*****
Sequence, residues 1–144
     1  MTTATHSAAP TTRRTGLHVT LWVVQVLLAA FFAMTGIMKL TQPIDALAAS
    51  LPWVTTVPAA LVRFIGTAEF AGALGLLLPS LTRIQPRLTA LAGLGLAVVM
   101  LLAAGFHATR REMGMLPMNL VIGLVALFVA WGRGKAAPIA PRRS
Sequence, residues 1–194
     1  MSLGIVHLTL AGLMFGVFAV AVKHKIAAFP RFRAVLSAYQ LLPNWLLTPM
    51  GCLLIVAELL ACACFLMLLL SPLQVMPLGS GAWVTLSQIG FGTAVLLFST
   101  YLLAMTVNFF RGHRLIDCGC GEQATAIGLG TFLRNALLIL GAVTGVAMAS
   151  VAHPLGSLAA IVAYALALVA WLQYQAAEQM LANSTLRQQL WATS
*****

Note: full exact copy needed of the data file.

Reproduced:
Sequence, residues 1–144
     1  MTTATHSAAP TTRRTGLHVT LWVVQVLLAA FFAMTGIMKL TQPIDALAAS
    51  LPWVTTVPAA LVRFIGTAEF AGALGLLLPS LTRIQPRLTA LAGLGLAVVM
   101  LLAAGFHATR REMGMLPMNL VIGLVALFVA WGRGKAAPIA PRRS
Sequence, residues 1–194
     1  MSLGIVHLTL AGLMFGVFAV AVKHKIAAFP RFRAVLSAYQ LLPNWLLTPM
    51  GCLLIVAELL ACACFLMLLL SPLQVMPLGS GAWVTLSQIG FGTAVLLFST
   101  YLLAMTVNFF RGHRLIDCGC GEQATAIGLG TFLRNALLIL GAVTGVAMAS
   151  VAHPLGSLAA IVAYALALVA WLQYQAAEQM LANSTLRQQL WATS